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Property misrepresentation - flooding claims

It is estimated by the Environment Agency that one in every six homes in the UK are in an area where there is a risk of flooding, and the increase in extreme weather events means that this risk is likely to grow in coming years. If you’re buying a new home, you’ll want to be fully informed about the flood history of the property, so you can make an informed decision about proceeding with the sale or not. Homes that are prone to flooding can be difficult or very costly to insure, so it’s important that this is considered before completing on the purchase.

Sellers have an obligation for declaring flooding when selling a house in the UK, using the TA6 property information form, and as well as sharing that flooding happened, they should also specify the effect that the flooding had on the home, garden, driveway and surrounding land, which gives a potential buyer more information about what happened and helps them make a decision regarding this. If the seller lies, misleads or fails to disclose flooding events that they know about and the sale completes, the buyer may be able to make a claim for property misrepresentation. Call our specialist team for more information and to find out if you can make a claim on 0161 696 6178.

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What to do if you’ve bought a house with a flood history

If you have completed on a property purchase and then discovered that there is a history of flooding that you were not made aware of by the seller, you should seek expert legal advice immediately to see if you might be able to make a claim for the way the property was misrepresented to you. It might be that you only find out about previous flooding once you have already moved in and spoken to neighbours or others in the community. As soon as the issue comes to light, it’s important to get legal assistance so that you know where you stand and can make a decision on your next steps.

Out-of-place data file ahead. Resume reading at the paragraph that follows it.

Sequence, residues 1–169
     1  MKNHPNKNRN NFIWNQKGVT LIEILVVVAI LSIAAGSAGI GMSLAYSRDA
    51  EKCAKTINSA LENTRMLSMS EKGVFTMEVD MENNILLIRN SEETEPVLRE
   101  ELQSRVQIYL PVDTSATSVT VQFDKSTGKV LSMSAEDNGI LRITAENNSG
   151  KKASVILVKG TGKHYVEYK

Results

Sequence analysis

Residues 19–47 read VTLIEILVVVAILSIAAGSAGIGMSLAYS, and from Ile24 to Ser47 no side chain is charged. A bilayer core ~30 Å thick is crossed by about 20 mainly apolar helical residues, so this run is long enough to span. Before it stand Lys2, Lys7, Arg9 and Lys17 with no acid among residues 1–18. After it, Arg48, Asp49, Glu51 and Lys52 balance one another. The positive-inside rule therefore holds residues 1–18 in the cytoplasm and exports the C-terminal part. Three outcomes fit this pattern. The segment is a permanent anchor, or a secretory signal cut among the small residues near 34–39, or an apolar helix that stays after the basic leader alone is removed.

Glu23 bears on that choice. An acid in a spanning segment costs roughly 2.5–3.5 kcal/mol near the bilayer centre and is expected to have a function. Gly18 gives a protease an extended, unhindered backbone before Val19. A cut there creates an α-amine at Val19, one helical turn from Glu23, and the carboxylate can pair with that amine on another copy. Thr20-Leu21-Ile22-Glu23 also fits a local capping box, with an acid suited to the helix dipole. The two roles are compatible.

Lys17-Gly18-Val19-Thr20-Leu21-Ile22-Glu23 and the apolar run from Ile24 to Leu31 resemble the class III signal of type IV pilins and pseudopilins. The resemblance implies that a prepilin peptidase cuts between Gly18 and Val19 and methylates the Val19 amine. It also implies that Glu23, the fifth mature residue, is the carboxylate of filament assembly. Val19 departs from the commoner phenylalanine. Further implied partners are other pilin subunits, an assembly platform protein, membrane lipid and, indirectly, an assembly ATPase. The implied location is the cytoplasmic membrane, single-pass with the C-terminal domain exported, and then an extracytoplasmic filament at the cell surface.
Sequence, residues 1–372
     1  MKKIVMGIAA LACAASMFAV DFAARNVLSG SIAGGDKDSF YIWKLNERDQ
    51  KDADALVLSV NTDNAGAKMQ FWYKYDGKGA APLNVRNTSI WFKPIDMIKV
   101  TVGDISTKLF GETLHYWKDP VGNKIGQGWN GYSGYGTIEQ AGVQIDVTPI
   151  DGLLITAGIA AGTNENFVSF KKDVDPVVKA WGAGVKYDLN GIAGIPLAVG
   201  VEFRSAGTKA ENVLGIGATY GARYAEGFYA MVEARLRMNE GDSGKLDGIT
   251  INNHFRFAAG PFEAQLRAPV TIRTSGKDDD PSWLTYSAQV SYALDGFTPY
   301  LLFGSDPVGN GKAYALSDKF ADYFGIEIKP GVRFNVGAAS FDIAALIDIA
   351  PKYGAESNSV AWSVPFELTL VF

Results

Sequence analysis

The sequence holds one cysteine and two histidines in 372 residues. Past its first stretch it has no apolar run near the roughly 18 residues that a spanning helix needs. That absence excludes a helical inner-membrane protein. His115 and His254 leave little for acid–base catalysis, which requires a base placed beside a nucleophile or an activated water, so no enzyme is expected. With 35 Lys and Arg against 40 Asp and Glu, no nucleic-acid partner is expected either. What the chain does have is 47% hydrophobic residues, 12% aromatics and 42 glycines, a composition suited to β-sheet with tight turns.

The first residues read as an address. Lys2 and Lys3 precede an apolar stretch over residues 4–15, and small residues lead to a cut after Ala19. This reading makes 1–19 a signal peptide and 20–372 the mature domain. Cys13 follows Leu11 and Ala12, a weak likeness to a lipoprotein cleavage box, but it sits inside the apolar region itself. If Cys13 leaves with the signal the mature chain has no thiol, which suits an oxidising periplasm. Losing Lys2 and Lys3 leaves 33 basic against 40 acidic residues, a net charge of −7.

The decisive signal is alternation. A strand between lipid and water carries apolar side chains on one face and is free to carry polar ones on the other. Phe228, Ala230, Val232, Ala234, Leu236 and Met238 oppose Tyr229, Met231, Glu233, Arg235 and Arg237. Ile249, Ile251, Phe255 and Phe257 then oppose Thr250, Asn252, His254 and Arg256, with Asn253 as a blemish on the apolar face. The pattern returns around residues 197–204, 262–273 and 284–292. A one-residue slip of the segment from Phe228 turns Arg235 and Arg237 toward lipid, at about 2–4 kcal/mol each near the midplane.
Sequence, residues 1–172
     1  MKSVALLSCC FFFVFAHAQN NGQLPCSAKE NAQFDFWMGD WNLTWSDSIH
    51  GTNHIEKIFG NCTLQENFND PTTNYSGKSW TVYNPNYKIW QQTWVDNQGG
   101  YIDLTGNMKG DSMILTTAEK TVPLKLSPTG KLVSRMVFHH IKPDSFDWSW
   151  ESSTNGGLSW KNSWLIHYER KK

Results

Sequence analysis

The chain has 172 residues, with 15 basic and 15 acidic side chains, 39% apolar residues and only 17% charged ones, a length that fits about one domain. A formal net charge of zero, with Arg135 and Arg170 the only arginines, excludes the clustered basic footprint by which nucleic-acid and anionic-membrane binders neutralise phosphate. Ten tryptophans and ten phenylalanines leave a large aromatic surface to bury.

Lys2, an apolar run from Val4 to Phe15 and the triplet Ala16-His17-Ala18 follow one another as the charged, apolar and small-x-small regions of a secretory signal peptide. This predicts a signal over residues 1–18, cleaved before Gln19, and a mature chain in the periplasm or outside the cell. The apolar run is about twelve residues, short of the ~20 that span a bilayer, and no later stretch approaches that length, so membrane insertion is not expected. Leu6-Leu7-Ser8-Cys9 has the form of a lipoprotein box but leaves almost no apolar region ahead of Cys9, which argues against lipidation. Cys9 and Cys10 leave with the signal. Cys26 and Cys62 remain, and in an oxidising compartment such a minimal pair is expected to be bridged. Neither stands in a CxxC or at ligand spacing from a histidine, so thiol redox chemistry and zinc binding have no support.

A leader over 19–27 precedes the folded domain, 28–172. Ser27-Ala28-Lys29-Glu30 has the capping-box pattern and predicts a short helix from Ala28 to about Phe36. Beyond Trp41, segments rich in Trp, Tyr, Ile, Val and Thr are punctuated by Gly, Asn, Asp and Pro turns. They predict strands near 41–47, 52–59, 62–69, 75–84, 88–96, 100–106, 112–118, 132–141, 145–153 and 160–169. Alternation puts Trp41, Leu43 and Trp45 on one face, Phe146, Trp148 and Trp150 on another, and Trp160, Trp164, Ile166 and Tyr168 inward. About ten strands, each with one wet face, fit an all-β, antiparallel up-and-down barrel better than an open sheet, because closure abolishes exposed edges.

Can you sue a seller for not disclosing flooding?

Whether or not you can sue a seller for not disclosing flooding before you bought the property will somewhat depend on the individual circumstances involved.

There is a specific question about flooding on the TA6 property information form that sellers must fill in and lying on this form (or simply leaving an area blank or saying it’s not applicable) can mean that you are able to make a claim against them for misrepresentation.

A property misrepresentation claim can include damages for the impact that the flooding history may have on the property value. There may also be additional damages paid for other costs or losses incurred by the buyer because of the misrepresentation from the seller.

In order for a claim to be successful, it will have to be proven that the seller was aware of the previous flooding events and knowingly didn’t disclose it when asked to on the TA6 form.

If you have discovered a flood history for your property that was not disclosed by the seller and want to find out if you can make a property misrepresentation claim, get in touch with our specialist team as soon as possible on 0161 696 6178.

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